Coping With Loss and Grief After Major Life Changes

Coping With Loss and Grief After Major Life Changes

Grieving For All Major Losses

The grieving process can occur when you experience any major loss.  Most people acknowledge that losing someone close to you leads to a period of grief. Many people don’t realise that grieving can occur at other times of our life. Major life changes are grieved as well.  This post is about coping with loss and grief after major life changes.

Grief After a Change in Your Health

Grieving after major life events such as changes in your employment status, or an illness or injury, can impact you in a similar way to the loss of a loved one. Although it is not as acute, it is a type of grief as well. I wrote about the loss of my role as a Registered Nurse due to post mastectomy complications previously. I have been grieving for the change in my health, from being a functioning member of society, to not being able to work.

A few weeks ago I started working with an Exercise Physiologist to build up my upper body strength.  Because I wasn’t allowed to exercise for six months after my bilateral mastectomies, my upper body strength was very poor.  Adding to my issues, I have had chronic back pain for years due to degeneration in my spine.  My aim is to return to my job as a Registered Nurse.  Because I work for Queensland Health, I am unable to return on light duties (as per policy).  I need to be able to do my job 100% including CPR and heavy patient cares, which requires a lot of upper body strength.  

Coping With Disappointment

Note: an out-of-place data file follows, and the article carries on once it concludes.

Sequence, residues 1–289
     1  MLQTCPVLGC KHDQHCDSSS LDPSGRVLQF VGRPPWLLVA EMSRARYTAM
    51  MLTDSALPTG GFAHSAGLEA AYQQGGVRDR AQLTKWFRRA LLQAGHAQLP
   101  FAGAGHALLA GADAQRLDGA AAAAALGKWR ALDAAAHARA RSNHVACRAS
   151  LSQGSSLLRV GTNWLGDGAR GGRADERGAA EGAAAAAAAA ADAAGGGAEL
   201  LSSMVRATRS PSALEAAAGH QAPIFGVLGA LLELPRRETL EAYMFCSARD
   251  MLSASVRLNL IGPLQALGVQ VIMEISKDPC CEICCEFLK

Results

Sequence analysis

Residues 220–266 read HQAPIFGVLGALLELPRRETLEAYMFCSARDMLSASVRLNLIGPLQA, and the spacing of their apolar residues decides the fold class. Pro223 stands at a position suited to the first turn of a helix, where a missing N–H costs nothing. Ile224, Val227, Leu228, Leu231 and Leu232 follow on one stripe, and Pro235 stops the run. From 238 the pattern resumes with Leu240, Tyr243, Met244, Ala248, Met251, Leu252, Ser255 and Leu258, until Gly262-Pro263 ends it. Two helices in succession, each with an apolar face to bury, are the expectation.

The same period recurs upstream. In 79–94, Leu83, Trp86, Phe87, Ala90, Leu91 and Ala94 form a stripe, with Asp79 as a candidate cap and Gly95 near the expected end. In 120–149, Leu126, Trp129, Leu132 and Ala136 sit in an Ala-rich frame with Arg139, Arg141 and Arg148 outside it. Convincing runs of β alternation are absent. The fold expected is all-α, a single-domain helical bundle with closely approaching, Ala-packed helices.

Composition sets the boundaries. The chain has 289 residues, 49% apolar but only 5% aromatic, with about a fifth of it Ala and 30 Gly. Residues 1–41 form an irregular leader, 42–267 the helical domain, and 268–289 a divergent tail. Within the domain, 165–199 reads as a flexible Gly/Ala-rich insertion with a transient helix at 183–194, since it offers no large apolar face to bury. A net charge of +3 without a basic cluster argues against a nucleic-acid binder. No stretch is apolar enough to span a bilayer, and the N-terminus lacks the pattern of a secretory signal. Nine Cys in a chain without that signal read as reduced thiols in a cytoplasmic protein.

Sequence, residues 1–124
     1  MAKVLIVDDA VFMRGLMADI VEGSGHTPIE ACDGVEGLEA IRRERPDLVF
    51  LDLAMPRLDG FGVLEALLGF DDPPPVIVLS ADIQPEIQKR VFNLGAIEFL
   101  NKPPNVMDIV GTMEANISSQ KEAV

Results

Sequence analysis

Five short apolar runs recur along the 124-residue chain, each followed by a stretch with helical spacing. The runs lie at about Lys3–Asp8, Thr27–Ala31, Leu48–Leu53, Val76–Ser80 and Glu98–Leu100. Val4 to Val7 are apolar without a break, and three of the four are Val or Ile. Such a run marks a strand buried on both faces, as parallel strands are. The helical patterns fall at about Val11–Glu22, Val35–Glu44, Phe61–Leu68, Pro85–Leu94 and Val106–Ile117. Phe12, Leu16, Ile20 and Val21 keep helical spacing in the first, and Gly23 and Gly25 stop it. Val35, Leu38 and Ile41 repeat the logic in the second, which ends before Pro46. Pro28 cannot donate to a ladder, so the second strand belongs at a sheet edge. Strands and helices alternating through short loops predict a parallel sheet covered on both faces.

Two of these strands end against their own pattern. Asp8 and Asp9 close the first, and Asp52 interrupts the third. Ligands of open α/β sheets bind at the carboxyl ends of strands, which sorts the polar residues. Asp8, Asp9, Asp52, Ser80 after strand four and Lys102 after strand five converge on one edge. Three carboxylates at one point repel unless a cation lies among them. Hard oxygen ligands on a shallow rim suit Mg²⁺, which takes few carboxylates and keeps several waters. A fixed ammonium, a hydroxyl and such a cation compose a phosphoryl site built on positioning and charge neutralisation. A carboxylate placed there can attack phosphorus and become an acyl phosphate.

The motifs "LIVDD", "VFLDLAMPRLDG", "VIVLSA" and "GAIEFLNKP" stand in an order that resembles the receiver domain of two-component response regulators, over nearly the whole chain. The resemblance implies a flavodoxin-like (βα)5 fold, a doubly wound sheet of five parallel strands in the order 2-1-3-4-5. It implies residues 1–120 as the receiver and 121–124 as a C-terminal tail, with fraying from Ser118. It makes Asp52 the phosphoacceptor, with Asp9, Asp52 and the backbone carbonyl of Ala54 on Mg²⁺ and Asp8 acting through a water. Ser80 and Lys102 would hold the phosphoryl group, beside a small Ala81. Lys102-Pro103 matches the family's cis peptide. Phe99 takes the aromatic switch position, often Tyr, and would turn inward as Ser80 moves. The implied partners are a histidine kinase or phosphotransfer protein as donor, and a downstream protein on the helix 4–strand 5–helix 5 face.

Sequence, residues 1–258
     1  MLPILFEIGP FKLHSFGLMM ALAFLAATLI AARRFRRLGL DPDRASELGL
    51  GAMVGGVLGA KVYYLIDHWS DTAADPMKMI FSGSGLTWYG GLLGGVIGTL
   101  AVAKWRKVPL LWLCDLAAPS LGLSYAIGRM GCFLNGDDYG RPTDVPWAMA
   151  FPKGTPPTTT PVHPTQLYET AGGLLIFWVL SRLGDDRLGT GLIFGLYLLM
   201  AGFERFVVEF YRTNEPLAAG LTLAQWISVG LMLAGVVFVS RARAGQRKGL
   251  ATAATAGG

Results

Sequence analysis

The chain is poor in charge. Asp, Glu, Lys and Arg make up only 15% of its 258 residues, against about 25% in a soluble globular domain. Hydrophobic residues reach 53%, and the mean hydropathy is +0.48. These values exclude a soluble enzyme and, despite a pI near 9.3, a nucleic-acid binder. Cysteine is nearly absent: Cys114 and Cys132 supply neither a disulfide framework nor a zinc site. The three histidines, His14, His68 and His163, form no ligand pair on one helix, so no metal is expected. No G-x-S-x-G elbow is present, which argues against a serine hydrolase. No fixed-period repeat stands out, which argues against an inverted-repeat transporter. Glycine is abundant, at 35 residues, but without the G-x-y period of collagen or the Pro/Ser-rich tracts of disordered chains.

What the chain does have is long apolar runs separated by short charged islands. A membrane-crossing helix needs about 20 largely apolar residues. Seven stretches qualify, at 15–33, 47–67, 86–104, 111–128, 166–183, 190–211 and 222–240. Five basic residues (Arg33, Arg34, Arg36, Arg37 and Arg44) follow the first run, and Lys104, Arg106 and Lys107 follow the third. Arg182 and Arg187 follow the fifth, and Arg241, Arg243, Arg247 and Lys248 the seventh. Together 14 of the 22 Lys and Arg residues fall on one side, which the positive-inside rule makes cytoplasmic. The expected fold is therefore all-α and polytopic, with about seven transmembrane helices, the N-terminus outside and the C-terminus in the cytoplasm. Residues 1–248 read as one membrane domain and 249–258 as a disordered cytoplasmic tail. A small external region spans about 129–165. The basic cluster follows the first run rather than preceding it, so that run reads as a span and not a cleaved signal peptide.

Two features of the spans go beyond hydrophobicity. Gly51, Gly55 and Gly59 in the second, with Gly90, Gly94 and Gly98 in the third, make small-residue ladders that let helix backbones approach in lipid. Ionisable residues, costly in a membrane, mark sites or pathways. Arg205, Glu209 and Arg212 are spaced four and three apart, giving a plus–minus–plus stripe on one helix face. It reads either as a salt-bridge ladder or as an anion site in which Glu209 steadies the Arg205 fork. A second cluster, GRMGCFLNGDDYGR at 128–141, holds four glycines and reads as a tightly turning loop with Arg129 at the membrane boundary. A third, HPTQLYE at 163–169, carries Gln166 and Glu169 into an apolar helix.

I started the program with great enthusiasm, believing that the light was at the end of the tunnel with regards to my prolonged recovery.  My first disappointment was being told it would take three months to get me to that point.  This is on top of the eight months I have just had.  Sometimes I feel like I’ll never get back to work, and that’s when I get really despondent.

The second blow was just how much pain I had.  I was using muscles that had been neglected for eight months so they were crying out at having to work!  On top of that I was doing half the exercises wrong, hence the pain.  That was a week wasted.  The exercises seem so basic, but they are making me relearn movements so that I minimise the amount of work my back and leg muscles have been doing.  Something as simple as sit to stand – using the correct method is nothing like I normally would do it.  

Once again I’m frustrated at my slow progress.  I’ve never shed as many tears as I have this year, apart from when I was grieving for my parents and sister.  It does feel like a kind of grief – I’m grieving for the loss of my health and my ability to work.  Even acknowledging to myself that I’m coping with loss and grief doesn’t make it any easier to bear.

Working on my upper body strength has been one way I have been coping with loss and grief.  Photo of my home gym equipment and my dog who I take for daily walks
Working on my upper body strength has been one way I have been coping with loss and grief.

Coping When Someone Close To You Is Dying